2011-04-23

another Microsoft virus...

Selecting an image on Google Image Search regularly minimizes the browser and pops up this annoying dialog.


Running Linux you know this is fake, but it is still annoying because (besides the minimizing of your browser) also opens a tab that refuses the back-button, and you don't get to see the actual image.


The first time this is funny (there is no C: drive nor a "My Documents" directory on "My computer").

Searching Google Images for something simple as "Axis Allies board 1984" and clicking on an image is enough to provoke it.

If you want to see the fun on Linux, use this link. Use at your own risk ;-)

http://www.google.com/imgres?imgurl=http://i.ehow.co.uk/images/a05/74/g6/axis-allies-board-game-rules-800X800.jpg&imgrefurl=http://madpeasant.com/cultivo-hasboro-axis-and-allies-board-game-download/&usg=__33uvjrDPcS0KU-Ifngk1w1ooYKI=&h=292&w=500&sz=146&hl=en&start=5&sig2=Uzaxsm4iXRrpvVidDNdnMw&zoom=1&tbnid=yFktGyapNI72ZM:&tbnh=76&tbnw=130&ei=MKeyTfGWCIaCOrHZ5IcJ&prev=/search%3Fq%3Daxis%2Ballies%2Bboard%2B1984%26hl%3Den%26safe%3Doff%26client%3Dubuntu%26hs%3DpRv%26sa%3DX%26channel%3Dfs%26biw%3D1912%26bih%3D1055%26tbas%3D0%26tbm%3Disch%26prmd%3Divns&itbs=1

(the url might not work since I reported it )

Click OK on this last dialog to close the tab.

14 comments:

pvandewyngaerde said...

See also this warning: (Published: 2011-04-23)
Image search can lead to malware download:


if you click on image found in google. The following script was received from the host ...

Iggy said...

I saw that once, unfortunately on a Windows machine. Not sure if it was from an image search.

I realized it was fake, but it was difficult to get rid of it.

Once I closed the window, I started a full malware scan.

Anonymous said...

On my computer (Ubuntu Linux, using Firefox), I get a screen that tries to mimic Mozilla.

Warning is Mozilla Security Software and not Microsoft/Windows
the screen afterwards mimics the look of phishing page.
I have to say it looks quite convincing... obviously the downloadable .Exe at the end won't work on this linux machine :p

Paul Cobbaut said...

@Anonymous: Did you try wine ? ;-)

TeRanEX said...

And that is why I use the NoScript add-on for Firefox

Anonymous said...

I've gotten this whilst browsing on an iPhone. Seriously, a C: drive on my iPhone? I had no idea that it was that capable!

Patrick said...

Testing it on Mac OS X using Safari it will auto download and try to run a package, MacProtector.mpkg.

Corrin Lakeland said...

That was impressive.

The graphics were slick, the scroll bars even worked correctly - far fancier than just popping up with a 'you have new mail picture'.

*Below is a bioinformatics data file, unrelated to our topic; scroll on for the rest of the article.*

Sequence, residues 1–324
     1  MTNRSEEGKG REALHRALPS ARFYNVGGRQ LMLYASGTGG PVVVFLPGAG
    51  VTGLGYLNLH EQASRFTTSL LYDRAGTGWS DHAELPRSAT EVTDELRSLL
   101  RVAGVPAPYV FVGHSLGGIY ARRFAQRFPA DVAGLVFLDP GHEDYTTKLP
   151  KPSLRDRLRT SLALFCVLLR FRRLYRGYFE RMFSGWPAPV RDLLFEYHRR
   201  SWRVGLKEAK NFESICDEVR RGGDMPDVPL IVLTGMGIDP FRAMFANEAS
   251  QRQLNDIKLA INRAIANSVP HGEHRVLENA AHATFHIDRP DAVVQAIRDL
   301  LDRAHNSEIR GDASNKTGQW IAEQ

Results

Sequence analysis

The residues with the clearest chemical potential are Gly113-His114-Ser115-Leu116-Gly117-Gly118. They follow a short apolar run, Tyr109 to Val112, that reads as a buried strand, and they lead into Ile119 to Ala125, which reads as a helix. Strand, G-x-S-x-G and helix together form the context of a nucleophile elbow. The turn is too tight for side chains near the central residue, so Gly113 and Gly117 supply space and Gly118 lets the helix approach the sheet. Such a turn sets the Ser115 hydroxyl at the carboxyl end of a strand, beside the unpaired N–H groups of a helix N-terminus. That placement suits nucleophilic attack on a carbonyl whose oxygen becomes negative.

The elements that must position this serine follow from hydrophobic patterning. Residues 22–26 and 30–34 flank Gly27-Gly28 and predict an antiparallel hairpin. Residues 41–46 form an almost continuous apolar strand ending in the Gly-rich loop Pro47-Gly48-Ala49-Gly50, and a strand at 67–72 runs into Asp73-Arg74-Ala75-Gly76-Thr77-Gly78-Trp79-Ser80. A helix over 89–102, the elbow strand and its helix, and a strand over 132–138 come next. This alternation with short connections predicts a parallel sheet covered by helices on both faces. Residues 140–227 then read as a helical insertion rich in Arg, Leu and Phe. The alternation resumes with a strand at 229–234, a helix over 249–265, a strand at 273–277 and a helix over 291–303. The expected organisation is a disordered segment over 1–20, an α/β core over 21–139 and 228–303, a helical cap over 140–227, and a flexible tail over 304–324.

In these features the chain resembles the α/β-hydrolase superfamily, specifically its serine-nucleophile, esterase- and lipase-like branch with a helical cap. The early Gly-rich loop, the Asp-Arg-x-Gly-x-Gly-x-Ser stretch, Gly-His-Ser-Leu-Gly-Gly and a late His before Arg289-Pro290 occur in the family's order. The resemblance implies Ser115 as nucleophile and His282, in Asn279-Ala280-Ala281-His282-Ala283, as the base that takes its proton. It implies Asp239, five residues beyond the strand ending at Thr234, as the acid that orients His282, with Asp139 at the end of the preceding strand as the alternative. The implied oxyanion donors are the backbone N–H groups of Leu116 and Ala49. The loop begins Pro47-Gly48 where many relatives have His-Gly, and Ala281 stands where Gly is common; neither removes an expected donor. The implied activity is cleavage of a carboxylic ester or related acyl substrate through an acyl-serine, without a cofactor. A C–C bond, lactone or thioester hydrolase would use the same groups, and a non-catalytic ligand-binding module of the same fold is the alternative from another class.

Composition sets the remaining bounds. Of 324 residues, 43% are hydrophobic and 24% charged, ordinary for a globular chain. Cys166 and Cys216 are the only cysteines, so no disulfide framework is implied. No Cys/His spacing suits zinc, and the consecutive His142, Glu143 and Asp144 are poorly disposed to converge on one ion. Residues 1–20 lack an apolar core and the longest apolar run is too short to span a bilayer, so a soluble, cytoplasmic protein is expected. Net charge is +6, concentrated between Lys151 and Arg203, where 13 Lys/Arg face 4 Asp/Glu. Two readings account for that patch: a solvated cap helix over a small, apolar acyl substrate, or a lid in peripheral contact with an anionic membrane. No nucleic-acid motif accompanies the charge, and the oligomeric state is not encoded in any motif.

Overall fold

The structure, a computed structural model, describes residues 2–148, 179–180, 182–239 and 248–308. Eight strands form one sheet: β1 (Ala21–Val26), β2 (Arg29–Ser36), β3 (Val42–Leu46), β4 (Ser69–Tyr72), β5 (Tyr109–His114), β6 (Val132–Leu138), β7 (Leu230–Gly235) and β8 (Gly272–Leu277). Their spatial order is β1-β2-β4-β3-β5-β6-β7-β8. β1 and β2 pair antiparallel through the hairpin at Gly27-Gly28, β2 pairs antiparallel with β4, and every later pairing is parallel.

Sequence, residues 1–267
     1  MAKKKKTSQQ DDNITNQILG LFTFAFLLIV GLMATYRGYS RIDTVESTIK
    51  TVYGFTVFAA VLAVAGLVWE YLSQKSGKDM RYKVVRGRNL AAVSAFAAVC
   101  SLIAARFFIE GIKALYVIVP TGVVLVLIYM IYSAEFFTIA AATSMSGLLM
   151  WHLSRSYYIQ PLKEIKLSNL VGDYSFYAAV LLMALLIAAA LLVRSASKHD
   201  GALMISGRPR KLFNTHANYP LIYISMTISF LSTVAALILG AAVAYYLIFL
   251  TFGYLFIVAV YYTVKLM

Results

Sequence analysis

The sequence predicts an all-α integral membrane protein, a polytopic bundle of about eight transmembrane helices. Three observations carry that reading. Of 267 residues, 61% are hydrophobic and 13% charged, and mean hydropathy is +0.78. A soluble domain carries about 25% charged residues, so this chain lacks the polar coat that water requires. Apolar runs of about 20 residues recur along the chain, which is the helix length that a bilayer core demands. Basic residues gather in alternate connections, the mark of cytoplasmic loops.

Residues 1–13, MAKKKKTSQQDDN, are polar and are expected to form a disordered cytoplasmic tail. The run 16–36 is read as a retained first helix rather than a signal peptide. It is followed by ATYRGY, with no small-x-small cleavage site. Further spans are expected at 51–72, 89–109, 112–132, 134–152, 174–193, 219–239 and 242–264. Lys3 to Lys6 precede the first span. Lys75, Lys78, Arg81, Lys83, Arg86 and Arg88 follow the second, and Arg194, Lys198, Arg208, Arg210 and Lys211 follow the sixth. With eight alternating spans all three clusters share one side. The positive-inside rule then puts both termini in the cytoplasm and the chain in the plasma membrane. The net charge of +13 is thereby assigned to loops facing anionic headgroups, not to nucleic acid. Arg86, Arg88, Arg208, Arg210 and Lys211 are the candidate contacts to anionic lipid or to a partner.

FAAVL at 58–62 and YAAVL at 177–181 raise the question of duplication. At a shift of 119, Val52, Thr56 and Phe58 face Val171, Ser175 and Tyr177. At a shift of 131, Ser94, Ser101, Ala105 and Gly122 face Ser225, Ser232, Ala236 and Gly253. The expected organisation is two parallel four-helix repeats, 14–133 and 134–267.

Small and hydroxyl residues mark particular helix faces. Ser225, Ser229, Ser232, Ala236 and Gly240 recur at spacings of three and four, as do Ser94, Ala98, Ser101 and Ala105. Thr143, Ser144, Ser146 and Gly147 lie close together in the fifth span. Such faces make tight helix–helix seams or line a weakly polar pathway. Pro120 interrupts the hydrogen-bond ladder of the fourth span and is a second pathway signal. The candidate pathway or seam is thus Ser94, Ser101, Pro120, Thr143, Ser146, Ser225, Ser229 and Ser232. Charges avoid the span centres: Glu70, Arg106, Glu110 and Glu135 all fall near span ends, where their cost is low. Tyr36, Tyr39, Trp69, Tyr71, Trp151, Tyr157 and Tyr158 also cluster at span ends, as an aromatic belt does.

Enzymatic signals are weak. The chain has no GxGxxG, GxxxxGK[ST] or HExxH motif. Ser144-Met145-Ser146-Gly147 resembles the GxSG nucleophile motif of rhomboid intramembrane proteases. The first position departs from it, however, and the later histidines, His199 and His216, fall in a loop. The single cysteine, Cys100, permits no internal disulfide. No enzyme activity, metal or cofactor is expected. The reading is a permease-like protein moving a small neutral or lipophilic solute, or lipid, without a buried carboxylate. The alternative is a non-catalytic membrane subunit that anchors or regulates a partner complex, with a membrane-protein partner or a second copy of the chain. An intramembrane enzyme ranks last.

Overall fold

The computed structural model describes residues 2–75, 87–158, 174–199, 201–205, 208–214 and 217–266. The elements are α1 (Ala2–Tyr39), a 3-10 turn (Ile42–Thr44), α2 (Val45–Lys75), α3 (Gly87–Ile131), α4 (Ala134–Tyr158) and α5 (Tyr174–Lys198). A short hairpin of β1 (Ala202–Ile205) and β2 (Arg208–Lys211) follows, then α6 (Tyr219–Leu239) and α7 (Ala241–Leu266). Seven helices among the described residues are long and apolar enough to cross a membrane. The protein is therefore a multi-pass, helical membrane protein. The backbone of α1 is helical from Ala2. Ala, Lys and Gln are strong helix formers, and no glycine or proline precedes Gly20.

The finished result was an EXE called InstallInternetProtection_696.exe. I could easily imagine even moderately savvy windows users being tricked into running it.

Scary.

York said...

I just tried this on my linux system. When I ran it, it used the mozilla, something is really bad charcoal background with red inset as the scanner (As per anonymous comment 3). I was amazed and actually scared for a moment, that it identified my system correctly. Then it wanted me to download an exe, and all my fears went away. Next thing I thought I'd try was User Agent Switcher to IE 6. Then I got the page described in the post.

This is interesting, as if anyone has used http://panopticlick.eff.org, JavaScript will give a lot more information, even with the fake user agent, that would allow the site to fairly accurately identify the system it is running on. Probably the biggest give-away would be the high occurrence of the 'IcedTea' keyword. Also included would be the 'Totem' keyword, many lib* files, and finally this line: 'Plugin 7: iTunes Application Detector; This plug-in detects the presence of iTunes when opening iTunes Store URLs in a web page with Firefox'

remmers.anthony said...

I love the window title, though:
"wait a minute! this is important - we check your device"
Once they figure out how English works, we'll be *really* screwed!

remmers.anthony said...

I love the window title:
"wait a minute! this is important - we check your device"

Yes, please, you check my device. If they ever get a grasp of English, we're really screwed.

Jorge Blasio said...

This is scary, I opened that link on my Mac and I got a Aua-fied snapshot of a faked trojan analysis. Safari downloaded MacProtector.mpkg immediately and OS X opened the installer. Of course you're still prompted for your password, but still, very sophisticated...

http://dl.dropbox.com/u/11966925/Faked-analysis.png

http://dl.dropbox.com/u/11966925/Trojan.png

kai said...

Not only does that link still work after being reported, but it seems that they've crafted a Mac version of the page as well. Going to that link from Safari on a Mac launched a Finder-like window reporting all these issues with my machine, as well as downloading anti-malware.zip and I'd say it would be enough to fool a non-technical user for sure.

Anonymous said...

My mother fell for this and actually downloaded an executable from it, but thankfully told me about it before she ran it.